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The globalisation of financial markets has attracted much academic and policymaking commentary in recent years, especially with the growing number of banking and financial crises and the current credit crisis that has threatened the stability of the global financial system. This major new Research Handbook sets out to address some of the fundamental issues in financial regulation from a comparative and international perspective and to identify some of the main research themes and approaches that combine economic, legal and institutional analysis of financial markets. Specially commissioned contributions represent diverse viewpoints on the financial regulation debate and cover a number of new and controversial topics not yet adequately addressed in the literature. Specifically, these include; financial innovation particularly in the context of the credit risk transfer market, securitization and the systemic importance of the over-the-counter trading markets; the institutional structure of international financial regulation; and risk management and corporate governance of financial institutions. This Handbook will provide a unique and fully up-to-date resource for all those with an interest in this critical issue including academic researchers in finance and regulation, practitioners working in the industry and those involved with regulation and policy.

Capital Requirements For Over The Counter Derivatives Central Counterparties

Author: Ms. Li Lin
Publisher: International Monetary Fund
ISBN: 1475571771
Size: 43.21 MB
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The central counterparties dominating the market for the clearing of over-the-counter interest rate and credit derivatives are globally systemic. Employing methodologies similar to the calculation of banks’ capital requirements against trading book exposures, this paper assesses the sensitivity of central counterparties’ required risk buffers, or capital requirements, to a range of model inputs. We find them to be highly sensitive to whether key model parameters are calibrated on a point-in-time versus stress-period basis, whether the risk tolerance metric adequately captures tail events, and the ability—or lack thereof—to define exposures on the basis of netting sets spanning multiple risk factors. Our results suggest that there are considerable benefits from having prudential authorities adopt a more prescriptive approach to for central counterparties’ risk buffers, in line with recent enhancements to the capital regime for banks.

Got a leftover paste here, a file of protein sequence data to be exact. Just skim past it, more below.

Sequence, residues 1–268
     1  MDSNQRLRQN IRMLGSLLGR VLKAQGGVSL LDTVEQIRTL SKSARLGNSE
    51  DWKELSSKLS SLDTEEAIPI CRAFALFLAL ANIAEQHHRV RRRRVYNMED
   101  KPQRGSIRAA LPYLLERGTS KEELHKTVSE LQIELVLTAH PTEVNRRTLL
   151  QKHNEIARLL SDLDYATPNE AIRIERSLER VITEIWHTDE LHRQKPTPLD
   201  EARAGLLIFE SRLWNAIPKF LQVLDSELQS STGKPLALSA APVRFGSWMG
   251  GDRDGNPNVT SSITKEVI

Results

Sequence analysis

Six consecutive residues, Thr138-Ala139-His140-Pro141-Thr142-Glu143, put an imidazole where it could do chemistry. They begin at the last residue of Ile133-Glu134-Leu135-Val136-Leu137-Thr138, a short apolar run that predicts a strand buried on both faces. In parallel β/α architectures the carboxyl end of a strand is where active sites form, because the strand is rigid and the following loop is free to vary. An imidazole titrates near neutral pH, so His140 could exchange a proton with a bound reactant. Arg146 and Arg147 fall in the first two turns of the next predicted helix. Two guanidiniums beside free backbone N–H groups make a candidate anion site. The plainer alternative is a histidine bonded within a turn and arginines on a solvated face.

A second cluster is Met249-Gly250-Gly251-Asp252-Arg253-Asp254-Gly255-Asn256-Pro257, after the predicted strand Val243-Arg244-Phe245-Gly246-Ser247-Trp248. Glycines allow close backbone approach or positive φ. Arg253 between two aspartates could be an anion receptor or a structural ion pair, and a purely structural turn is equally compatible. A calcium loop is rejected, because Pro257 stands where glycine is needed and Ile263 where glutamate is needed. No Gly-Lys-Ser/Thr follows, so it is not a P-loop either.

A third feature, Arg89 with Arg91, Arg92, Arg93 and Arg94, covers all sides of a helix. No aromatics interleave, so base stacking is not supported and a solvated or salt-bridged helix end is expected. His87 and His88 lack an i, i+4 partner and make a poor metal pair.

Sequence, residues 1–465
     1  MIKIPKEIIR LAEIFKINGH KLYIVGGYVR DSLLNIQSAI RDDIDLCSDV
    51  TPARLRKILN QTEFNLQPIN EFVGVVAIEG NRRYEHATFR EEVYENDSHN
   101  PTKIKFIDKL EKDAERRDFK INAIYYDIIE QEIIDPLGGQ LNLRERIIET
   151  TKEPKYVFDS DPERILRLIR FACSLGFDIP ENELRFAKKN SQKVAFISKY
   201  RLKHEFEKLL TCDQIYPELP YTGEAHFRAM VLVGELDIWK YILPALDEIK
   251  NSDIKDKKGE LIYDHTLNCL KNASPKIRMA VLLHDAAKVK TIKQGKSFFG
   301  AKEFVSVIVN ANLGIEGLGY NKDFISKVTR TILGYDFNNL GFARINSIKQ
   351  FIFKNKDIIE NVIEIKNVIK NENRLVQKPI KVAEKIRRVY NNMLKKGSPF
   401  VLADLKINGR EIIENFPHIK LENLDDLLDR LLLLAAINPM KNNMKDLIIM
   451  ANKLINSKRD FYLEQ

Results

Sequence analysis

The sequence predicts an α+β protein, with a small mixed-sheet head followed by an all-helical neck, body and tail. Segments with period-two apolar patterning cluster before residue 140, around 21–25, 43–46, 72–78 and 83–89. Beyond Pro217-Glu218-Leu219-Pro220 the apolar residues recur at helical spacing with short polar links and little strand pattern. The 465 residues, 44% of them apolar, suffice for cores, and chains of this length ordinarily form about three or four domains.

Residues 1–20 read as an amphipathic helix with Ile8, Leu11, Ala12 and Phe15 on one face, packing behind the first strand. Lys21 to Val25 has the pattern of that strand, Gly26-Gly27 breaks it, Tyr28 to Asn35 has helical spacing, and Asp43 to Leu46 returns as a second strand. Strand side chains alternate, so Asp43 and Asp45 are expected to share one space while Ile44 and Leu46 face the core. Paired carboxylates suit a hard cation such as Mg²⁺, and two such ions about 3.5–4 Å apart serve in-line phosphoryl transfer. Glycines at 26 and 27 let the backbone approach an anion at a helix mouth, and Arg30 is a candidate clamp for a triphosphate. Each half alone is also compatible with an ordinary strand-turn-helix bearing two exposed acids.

The Law Of Institutional Investment Management

Author: Lodewijk D. Setten
Publisher: Oceana Publications
ISBN: 0199285012
Size: 20.75 MB
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Lodewijk van Setten is Special Counsel to Covington & Burling, the US law firm, in London. He has wide-ranging experience in advising financial institutions and institutional investors on all operational, regulatory, and legal aspects of transactions in the (secondary) financial markets, includingin areas such as investment management, custody, brokerage, and (trans)national trading, clearing, and settlement systems. In addition, he has particular experience in structuring unregulated (hedge) funds, including related repurchase/securities lending transactions and prime brokeragearrangements, and on-exchange/OTC derivative transactions. Before joining Covington & Burling, Lodewijk served as director and European Counsel for State Street Global Advisors (SSgA), the U.S. based institutional investment manager, in London. At SSgA, he was responsible for the legal support ofall aspects of SSgAs institutional investment business in Europe. Prior to joining SSgA, he worked as a banking and securities lawyer for a leading international law firm in Amsterdam. Lodewijk holds an LL.B and a Ph.D (Thesis- Private rights of action against broker-dealers and investorprotection) from the University of Utrecht (The Netherlands) and an LL.M from Duke University (U.S.), where he was a Special Staff Editor of the Duke Journal of Comparative International Law. He regularly publishes on various topics relating to transactions in the financial markets and teaches thesetopics in the graduate programme at Kings College (London), where he is a Visiting Professor. He was admitted as advocaat in the Netherlands in 1993, as attorney at law in the state of New York in 1994, and as solicitor in England and Wales in 2002.

Limiting Taxpayer Puts An Example From Central Counterparties

Author: Mr. Manmohan Singh
Publisher: International Monetary Fund
ISBN: 1498385389
Size: 49.23 MB
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Nonbanks such as central counterparties (CCPs) are a useful lens to see how regulators view the role of the lender-of-last-resort (LOLR). This paper explores the avenues available when a nonbank failure is likely, specifically by considering the options of keeping CCPs afloat. It is argued that CCPs have, by regulatory fiat, become “too important to fail,” and thus the imperative should be greater loss-sharing by all participants that better align the distribution of risks and rewards of CCPs, the clearing members and derivative end-users. In the context of LOLR, the proposed variation margin gains haircut (VMGH) is discussed as a way of limiting the taxpayer put.